Posted by: patenttranslator | August 28, 2011

Hurricanes and Translation Deadlines

Every time when a major hurricane hits Eastern Virginia, which is about every couple of years, I am working on a tight deadline, usually on several jobs. I remember that I lost seventeen hundred dollars because of a hurricane a few years ago. I was working on a rush translation of a Japanese patent but I could not finish it because I lost power. I had to call the law firm and cancel the project.

This year I had 3 German patents and 1 Japanese patent with reasonable deadlines on my desk when hurricane Irene was setting in motion an enormous amount of water from Chesapeake Bay toward my backyard, but those deadline would be reasonable only assuming that the power would not go out. Unfortunately, we sometime do lose power during a hurricane. We have to have flashlights and candles ready, there is no WiFi and thus no Internet. We sit in the kitchen with candles burning and listen to the grim report on the radio. TV stations broadcast also an FM here during a hurricane so that people who have no power could listen to them on the radio.

After hurricane Isabelle in 2003, we had no power for 4 days, and it was really hot with no air conditioning when the temperatures were around 85 degrees (about 30 degrees Celsius) in the afternoon. The aftermath of a hurricane can be actually a very interesting experience when neighbors throw traditional post-hurricane parties as all the food that is in refrigerators must be eaten right away before it is spoiled. After Isabelle, we were barbecuing meat and sausages in my backyard (the one that is partially visible in the picture) and drinking beer and wine while newcomers like me were listening to old timers’ stories about deadly hurricanes. I remember how one of my neighbors who used to be in the Coast Guard was sitting there and eating a hamburger, drinking a beer and describing in great detail the dead bodies that he had to fish out from Elisabeth River in Norfolk after a hurricane.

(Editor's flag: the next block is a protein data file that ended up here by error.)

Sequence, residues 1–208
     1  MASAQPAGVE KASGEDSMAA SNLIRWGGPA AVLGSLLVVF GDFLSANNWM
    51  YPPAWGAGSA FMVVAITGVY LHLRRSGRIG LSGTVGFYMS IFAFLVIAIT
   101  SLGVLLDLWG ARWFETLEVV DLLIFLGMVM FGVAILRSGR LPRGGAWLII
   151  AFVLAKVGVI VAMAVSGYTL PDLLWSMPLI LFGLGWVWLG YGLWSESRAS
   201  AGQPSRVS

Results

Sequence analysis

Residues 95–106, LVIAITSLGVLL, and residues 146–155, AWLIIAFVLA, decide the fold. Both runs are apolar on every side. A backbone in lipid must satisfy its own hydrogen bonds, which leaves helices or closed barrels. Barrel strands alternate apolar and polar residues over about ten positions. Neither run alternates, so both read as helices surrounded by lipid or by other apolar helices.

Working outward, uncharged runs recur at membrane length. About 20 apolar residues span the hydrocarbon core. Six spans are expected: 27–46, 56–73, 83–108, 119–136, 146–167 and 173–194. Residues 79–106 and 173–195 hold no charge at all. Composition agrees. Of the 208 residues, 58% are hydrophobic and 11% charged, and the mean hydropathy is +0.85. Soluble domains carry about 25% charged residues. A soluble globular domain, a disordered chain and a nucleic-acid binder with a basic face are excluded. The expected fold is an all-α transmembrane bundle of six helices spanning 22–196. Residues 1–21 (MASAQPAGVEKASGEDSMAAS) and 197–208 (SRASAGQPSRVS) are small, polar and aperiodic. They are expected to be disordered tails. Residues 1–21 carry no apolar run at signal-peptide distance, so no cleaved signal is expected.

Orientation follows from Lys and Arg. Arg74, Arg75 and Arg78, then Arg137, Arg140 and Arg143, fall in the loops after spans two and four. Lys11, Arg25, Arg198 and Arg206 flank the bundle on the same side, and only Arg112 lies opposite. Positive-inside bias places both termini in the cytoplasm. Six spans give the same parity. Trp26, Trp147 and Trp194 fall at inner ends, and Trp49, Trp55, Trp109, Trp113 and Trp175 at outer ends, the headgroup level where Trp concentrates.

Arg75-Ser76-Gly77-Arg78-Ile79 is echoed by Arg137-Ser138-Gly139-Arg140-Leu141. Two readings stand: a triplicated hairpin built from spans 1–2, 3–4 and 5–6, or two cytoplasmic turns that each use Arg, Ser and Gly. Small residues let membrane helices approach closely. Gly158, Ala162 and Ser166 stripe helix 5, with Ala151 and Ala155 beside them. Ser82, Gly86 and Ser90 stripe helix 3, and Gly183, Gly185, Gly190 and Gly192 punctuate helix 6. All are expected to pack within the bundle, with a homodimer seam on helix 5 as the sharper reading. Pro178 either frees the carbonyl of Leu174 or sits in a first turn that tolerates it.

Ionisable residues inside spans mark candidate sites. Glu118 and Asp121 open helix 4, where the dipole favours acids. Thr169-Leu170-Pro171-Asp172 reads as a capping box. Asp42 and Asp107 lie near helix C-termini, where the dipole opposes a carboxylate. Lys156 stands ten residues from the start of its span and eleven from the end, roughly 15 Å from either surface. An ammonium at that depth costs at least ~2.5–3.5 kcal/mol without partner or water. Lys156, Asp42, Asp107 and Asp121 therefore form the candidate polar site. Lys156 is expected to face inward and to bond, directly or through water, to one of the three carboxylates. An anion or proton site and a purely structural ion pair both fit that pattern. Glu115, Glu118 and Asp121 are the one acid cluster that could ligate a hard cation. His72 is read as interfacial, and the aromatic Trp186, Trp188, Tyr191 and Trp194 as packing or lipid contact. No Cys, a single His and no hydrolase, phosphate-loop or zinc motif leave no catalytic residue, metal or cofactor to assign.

Fortunately, as I did not lose power this year, I was able to work all day while Irene (which means “peace” in ancient Greek) was pounding Chesapeake yesterday with torrents of rain and wind gusts. I kept working because I was not sure for how long I would be able to use my computer and Internet. The street in front of my house slowly turned into a river towards the evening. The small pond behind my house became a huge lake as it kept absorbing huge amounts of water from Elisabeth River and from the Chesapeake Bay. Every thirty minutes or so I checked to see how far the water was from the utilities box of the local power company. The water level was only a few inches away from the utilities box during the high tide in the evening, but then the waters started receding and when I woke up in the morning, there was no trace of yesterday’s hurricane anywhere, at least nothing was visible from my backyard.

I know that everything is back to normal again when sprinklers start showering the soggy lawns of my neighbors with a completely useless deluge of water. The sprinklers are on a timer and it’s too much trouble to turn them off just because some hurricane, which killed seven people yesterday in North Carolina and Virginia, almost flooded your house.

I know everything is back to normal again when my fellow Americans are needlessly wasting precious resources of the planet again and thus contributing to global climate change because they are not paying attention.

Everything is back to normal again in my backyard


  1. Americans have the lame belief or assumption that the luxury in which we live is the norm. They do not understand the meaning or significance of waste and/or need. As I throw out my “recyclables,” I constantly wonder, “If I, as careful as I am, still throw out this much, how will the planet ever survive?” As they continue to spray poison on weeds between their sidewalk tiles, Americans refuse to understand the wonder of the “world” they have been given.

    Ricky Lacina (Ms)


  2. Any way you look at it, most Americans don’t live in luxury.

    But I agree, there is something profoundly wrong with our value system, which is why I ended my post with the metaphor of sprinklers wasting fountains of precious water after a hurricane.


  3. Glad you and your family are safe and you managed to keep working through the hurricane, Steve.


  4. Thank you, Jill.

    Onward and upward!


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